Anyway, our flight cancellation meant we got an upgrade. So we had those nice first class seats that all but turn into beds. This became a red eye, but I can’t sleep on planes. So I watch movies. Only this time the inflight selections were, I felt, somewhat lacking. I did watch Darkest Hour:

I fell asleep in the last few minutes, just before Gary Oldman’s big speech before Parliament. But I woke up in time to have breakfast, or lunch, or who knows, and watched the end of the movie. And then we landed in Amsterdam. And then another flight. And a car rental, and a brief drive and checking in and then dinner. Oh, finally food and sleep.

Where are we?

Here’s your second hint:

We didn’t have calzones, because the regional food here is bistecca fiorentina. (That’s your third hint.) Our host recommended a place, we went there, and had the bistecca fiorentina. And that was a delicious steak.

And now, the jet lag. Tomorrow we’ll figure out where we are.


30
Apr 18

What I did at work on Saturday

We are going to finally, officially say it:

Spring is here, at last:

It was late, but is not here to last. We’ll probably move directly into summer in a week or two. But for the moment, you revel in it. This is what I was doing on Saturday. Outside, dancing between the daylight and the shade, enjoying the breeze and the temperature and my sunglasses and the sun, waiting on a donor to show up to our building on campus.

A gentleman wanted to give something to the Media School. It fell to me to help get the thing in the building. The gentleman chose Saturday, so there we were. And he was on his way, late, but on his way.

He hopes out of his SUV, his two middle school children and a film student, and they all start offloading chunks of cast iron. I knew what it was, or what it would be again when he had it indoors and reassembled, but in its constituent parts it didn’t look like much. And then you started looking at details. It’s an old car:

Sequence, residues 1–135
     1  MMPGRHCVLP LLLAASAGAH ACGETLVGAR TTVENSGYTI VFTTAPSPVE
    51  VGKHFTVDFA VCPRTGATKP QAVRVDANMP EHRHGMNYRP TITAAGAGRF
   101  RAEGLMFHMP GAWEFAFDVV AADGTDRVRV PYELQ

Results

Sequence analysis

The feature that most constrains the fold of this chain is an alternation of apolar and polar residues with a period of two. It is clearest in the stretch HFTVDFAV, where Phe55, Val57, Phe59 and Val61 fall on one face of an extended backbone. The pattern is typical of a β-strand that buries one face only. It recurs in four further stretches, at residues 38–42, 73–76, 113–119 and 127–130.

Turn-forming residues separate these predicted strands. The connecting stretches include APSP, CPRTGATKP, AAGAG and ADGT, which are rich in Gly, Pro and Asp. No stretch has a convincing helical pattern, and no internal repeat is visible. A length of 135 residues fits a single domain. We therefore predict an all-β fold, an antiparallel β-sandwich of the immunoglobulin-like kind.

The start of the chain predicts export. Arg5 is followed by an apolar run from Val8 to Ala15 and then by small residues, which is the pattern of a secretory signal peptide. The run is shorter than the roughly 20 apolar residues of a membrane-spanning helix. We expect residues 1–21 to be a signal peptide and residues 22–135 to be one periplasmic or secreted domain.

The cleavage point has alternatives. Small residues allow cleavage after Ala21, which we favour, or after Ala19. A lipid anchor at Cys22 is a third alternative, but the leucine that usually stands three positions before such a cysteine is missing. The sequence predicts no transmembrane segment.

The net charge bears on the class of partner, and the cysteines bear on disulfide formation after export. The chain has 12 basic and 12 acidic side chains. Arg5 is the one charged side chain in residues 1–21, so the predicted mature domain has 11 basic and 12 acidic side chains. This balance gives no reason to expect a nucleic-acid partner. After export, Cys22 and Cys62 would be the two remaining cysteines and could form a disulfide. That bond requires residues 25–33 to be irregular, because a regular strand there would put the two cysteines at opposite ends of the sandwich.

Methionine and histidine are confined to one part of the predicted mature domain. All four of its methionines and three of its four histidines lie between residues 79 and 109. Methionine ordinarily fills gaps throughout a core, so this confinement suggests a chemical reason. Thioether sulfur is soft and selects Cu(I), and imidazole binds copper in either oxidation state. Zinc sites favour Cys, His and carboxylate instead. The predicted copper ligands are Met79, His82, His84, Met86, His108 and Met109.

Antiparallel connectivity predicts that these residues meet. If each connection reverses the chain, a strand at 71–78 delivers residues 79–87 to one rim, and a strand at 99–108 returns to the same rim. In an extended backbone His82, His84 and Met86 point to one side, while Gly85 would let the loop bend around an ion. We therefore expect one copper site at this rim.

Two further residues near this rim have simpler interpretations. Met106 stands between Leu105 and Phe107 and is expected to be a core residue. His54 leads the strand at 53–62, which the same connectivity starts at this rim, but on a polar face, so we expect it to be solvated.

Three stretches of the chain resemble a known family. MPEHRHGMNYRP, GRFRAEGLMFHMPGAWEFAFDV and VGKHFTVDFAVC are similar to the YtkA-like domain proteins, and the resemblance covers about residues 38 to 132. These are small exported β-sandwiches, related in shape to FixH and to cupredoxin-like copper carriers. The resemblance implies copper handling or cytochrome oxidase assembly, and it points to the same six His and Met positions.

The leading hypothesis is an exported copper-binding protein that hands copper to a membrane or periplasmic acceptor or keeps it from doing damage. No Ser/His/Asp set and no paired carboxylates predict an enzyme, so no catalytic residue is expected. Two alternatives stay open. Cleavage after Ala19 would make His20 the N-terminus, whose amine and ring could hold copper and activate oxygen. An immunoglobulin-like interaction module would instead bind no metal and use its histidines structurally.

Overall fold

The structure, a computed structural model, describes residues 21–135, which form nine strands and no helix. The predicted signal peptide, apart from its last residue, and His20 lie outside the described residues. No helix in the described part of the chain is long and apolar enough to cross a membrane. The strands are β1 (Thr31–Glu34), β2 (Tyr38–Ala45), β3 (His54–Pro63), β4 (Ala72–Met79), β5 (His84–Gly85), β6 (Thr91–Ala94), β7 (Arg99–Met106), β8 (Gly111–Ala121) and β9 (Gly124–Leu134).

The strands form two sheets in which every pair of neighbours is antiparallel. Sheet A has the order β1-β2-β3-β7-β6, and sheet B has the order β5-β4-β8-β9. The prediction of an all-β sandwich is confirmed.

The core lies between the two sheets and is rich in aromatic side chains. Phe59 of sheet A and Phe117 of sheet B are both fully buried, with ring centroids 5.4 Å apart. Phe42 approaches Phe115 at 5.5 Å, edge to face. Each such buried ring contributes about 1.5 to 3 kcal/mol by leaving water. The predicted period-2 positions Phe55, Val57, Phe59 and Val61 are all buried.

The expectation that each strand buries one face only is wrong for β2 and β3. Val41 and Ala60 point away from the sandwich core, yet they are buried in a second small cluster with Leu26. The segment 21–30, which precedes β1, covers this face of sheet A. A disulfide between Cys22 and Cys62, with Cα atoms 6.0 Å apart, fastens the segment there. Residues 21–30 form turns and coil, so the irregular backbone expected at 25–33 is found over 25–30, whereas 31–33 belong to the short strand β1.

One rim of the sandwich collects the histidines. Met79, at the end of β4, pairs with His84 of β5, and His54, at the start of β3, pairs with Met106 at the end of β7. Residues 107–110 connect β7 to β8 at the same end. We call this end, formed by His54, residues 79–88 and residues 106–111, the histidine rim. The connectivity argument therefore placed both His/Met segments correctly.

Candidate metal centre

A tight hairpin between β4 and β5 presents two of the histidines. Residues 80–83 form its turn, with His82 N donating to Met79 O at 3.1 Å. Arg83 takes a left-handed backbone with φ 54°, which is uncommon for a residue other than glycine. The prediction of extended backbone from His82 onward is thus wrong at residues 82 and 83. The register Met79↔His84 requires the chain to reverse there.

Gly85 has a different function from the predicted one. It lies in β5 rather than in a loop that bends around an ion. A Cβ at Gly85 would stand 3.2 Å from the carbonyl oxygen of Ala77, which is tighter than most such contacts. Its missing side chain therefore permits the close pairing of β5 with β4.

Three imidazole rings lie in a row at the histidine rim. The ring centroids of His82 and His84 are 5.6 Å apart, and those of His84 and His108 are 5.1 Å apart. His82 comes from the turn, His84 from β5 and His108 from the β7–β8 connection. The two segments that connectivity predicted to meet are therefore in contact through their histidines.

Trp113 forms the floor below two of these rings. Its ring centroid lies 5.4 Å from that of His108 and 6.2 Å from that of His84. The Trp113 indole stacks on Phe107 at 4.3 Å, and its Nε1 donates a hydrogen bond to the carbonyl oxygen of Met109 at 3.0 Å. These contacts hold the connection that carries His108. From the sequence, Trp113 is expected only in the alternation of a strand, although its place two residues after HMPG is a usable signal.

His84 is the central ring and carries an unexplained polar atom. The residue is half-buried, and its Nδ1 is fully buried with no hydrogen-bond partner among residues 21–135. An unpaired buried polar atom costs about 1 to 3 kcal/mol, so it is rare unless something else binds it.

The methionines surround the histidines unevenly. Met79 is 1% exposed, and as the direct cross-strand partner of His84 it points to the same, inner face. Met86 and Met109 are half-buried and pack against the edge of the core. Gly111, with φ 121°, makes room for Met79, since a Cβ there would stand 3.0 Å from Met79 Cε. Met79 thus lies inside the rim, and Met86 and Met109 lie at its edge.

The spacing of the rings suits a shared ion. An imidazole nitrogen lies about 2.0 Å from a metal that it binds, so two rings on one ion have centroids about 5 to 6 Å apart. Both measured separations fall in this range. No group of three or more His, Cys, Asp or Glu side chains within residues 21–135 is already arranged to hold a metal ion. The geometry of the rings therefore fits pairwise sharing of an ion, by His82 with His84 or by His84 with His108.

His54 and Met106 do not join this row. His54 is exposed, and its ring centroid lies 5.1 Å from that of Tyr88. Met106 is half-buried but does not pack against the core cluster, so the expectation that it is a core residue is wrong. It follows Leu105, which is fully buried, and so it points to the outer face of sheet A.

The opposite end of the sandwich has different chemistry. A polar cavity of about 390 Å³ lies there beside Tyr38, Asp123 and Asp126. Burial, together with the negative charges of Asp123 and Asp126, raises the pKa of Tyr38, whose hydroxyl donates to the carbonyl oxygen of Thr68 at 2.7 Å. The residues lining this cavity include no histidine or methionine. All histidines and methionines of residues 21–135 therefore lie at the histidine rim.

It has great tags, and easy-to-use controls:

The thing still worked, the donor said.

And this particular tag gave you the timeline. This is from about 1937. Still in working conditioning. Mechanically mint.

It was all made in the US. The East Coast and the Midwest. Do you know what it is yet?

The only problems are a few scratches on the finish, like this one:

And some peeling 80-year-old paint:

It has a glass piece on top, still original, still pristine:

And if you’re still trying to figure it out, this piece should look a bit familiar:

Here’s the top part, beneath is the big heavy cast iron setup:

And here’s the full machine:

This is a movie projector.
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It was donated by a locally-based actor, James Lee Guy, who is very successful in Chinese cinema. He donated it to The Media School because he is a passionate, passionate film fan. He’s owned it for several years, having picked it up from a man who was running a private screening room in his home a few towns away. Before that this had been in a drive-in theater. Guy estimates it was made in about 1937. It still works and now is a fine display piece.
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A most generous donation, indeed.


23
Apr 18

Social media embeds

It’s a busy week. Things are liable to be light here, in places.